This is an open-label, multicenter, multinational, Phase 2 basket study exploring the efficacy and safety of neratinib as monotherapy or in combination with other therapies in participants with HER (EGFR, HER2) mutation-positive solid tumors.
Bladder, Colon, Esophageal, Gastric/Gastroesophageal, Neuro-Oncology, Ovarian, Urologic, Uterine
Long-term Safety and Efficacy Extension Study for Participants With Advanced Tumors Who Are Currently on Treatment or in Follow-up in a Pembrolizumab (MK-3475) Study (MK-3475-587 / KEYNOTE-587)
The purpose of this study is to evaluate the long-term safety and efficacy of pembrolizumab (MK-3475) in participants from previous Merck pembrolizumab-based parent studies who roll-over into this extension study. This study will consist of three phases: 1) First Course Phase, 2) Survival Follow-up Phase or 3) Second Course Phase. Each participant will roll-over to this extension study in one of the following three phases, depending on the study phase they were in at the completion of the parent study. Participants who were in the First Course Phase of study treatment in their parent study will enter the First Course Phase of this study and complete up to 35 doses or more every 3 weeks (Q3W) or 17 doses or more every 6 weeks (Q6W) of study treatment with pembrolizumab or a pembrolizumab-based combination according to arm assignment. Participants who were in the Follow-up Phase in the parent study (post-treatment or Survival Follow-up Phase) will enter the Survival Follow-up Phase of this study. Participants who were in the Second Course Phase in their parent study will enter Second Course Phase of this study and complete up to 17 doses Q3W or 8 doses Q6W of study treatment with pembrolizumab or a pembrolizumab-based combination according to arm assignment. Any participant originating from a parent trial where crossover to pembrolizumab was permitted upon disease progression may be may be eligible for 35 doses as Q3W or 17 doses Q6W of pembrolizumab (approximately 2 years), if they progress while on the control arm and pembrolizumab is approved for the indication in the country where the potential eligible crossover participant is being evaluated.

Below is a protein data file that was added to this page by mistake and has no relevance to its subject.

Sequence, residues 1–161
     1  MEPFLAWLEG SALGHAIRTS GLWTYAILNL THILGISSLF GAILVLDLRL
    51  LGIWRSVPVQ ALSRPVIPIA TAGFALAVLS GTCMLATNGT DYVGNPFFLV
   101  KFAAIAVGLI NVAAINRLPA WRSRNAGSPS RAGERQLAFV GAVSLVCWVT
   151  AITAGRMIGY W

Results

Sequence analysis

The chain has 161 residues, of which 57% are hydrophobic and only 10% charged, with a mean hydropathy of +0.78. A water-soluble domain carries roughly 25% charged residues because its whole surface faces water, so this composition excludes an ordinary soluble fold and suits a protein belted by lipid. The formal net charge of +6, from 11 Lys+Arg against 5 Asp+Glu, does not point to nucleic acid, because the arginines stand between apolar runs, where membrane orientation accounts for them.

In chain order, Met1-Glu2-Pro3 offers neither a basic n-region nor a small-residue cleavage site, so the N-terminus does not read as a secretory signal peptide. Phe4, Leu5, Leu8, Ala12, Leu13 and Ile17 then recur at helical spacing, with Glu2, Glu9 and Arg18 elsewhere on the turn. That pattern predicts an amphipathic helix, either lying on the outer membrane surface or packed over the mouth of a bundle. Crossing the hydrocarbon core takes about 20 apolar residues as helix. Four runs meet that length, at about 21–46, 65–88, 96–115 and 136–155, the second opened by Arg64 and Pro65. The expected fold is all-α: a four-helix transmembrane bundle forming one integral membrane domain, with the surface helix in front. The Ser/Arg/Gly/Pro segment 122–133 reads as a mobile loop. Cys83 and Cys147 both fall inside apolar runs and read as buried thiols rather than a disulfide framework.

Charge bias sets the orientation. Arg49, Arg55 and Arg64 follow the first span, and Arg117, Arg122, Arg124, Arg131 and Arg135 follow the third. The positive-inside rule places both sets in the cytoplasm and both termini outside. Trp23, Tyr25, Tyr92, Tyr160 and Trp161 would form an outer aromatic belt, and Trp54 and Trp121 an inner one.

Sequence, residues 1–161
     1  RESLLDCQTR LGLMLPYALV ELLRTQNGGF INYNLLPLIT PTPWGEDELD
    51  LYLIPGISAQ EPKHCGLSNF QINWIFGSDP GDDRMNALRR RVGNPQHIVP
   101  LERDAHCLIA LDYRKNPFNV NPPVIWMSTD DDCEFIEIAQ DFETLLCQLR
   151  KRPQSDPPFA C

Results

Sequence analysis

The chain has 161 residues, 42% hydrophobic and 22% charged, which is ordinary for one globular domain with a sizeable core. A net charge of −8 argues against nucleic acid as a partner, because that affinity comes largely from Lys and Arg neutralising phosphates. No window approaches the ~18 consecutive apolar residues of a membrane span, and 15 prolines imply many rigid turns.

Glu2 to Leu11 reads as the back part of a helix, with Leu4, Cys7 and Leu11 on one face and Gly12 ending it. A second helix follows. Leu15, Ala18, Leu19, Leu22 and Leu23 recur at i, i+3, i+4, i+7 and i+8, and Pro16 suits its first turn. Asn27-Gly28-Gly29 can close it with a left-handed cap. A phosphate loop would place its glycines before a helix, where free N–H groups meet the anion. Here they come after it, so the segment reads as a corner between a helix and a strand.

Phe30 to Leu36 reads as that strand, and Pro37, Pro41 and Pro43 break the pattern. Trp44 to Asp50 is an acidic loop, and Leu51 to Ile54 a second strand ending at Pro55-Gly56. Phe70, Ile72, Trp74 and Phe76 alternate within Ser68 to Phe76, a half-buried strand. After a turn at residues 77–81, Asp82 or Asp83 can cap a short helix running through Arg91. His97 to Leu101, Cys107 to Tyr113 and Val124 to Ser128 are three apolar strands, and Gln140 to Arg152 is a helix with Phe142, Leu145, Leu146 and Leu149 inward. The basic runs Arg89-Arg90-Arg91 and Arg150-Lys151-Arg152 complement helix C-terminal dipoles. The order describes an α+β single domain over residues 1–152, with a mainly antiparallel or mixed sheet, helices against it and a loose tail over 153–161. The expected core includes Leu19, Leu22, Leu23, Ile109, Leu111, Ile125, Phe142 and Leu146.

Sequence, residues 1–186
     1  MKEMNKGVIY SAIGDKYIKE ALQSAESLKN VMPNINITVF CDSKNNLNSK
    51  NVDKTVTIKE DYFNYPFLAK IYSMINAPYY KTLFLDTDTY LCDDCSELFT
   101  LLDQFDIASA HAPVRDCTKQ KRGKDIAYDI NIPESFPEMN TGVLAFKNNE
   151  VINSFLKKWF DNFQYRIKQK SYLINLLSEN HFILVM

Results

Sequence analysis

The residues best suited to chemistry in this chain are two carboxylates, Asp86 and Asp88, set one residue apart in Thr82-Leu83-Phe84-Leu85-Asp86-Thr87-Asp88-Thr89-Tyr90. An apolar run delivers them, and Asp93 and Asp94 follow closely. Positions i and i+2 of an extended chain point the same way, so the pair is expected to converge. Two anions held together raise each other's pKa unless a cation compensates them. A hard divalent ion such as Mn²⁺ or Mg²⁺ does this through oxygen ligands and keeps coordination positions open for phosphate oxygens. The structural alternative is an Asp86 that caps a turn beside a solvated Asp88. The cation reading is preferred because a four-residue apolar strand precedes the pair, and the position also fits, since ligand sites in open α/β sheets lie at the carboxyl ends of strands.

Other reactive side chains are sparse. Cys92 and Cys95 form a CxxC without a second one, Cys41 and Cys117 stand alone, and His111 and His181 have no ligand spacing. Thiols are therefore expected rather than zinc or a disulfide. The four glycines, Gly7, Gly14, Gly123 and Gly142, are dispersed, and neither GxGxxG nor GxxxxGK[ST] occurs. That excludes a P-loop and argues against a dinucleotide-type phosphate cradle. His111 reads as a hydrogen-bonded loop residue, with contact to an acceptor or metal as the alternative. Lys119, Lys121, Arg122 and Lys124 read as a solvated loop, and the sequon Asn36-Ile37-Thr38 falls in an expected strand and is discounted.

Comparing Two Treatment Combinations, Gemcitabine and Nab-Paclitaxel with 5-Fluorouracil, Leucovorin, and Liposomal Irinotecan for Older Patients with Pancreatic Cancer That Has Spread
This phase II trial compares two treatment combinations: gemcitabine hydrochloride and nab-paclitaxel, or fluorouracil, leucovorin calcium, and liposomal irinotecan in older patients with pancreatic cancer that has spread to other places in the body (metastatic). Drugs used in chemotherapy, such as gemcitabine hydrochloride, nab-paclitaxel, fluorouracil, leucovorin calcium, and liposomal irinotecan, work in different ways to stop the growth of tumor cells, either by killing the cells, by stopping them from dividing, or by stopping them from spreading. This study may help doctors find out which treatment combination is better at prolonging life in older patients with metastatic pancreatic cancer.
Imatinib Mesylate and Combination Chemotherapy in Treating Patients with Newly Diagnosed Philadelphia Chromosome Positive Acute Lymphoblastic Leukemia
Multiple Cancer Types
This randomized phase III trial studies how well imatinib mesylate and combination chemotherapy work in treating patients with newly diagnosed Philadelphia chromosome positive acute lymphoblastic leukemia. Imatinib mesylate may stop the growth of cancer cells by blocking some of the enzymes needed for cell growth. Chemotherapy drugs, work in different ways to stop the growth of cancer cells, either by killing the cells, by stopping them from dividing, or by stopping them from spreading. Giving imatinib mesylate and combination chemotherapy may work better in treating patients with Philadelphia chromosome positive acute lymphoblastic leukemia.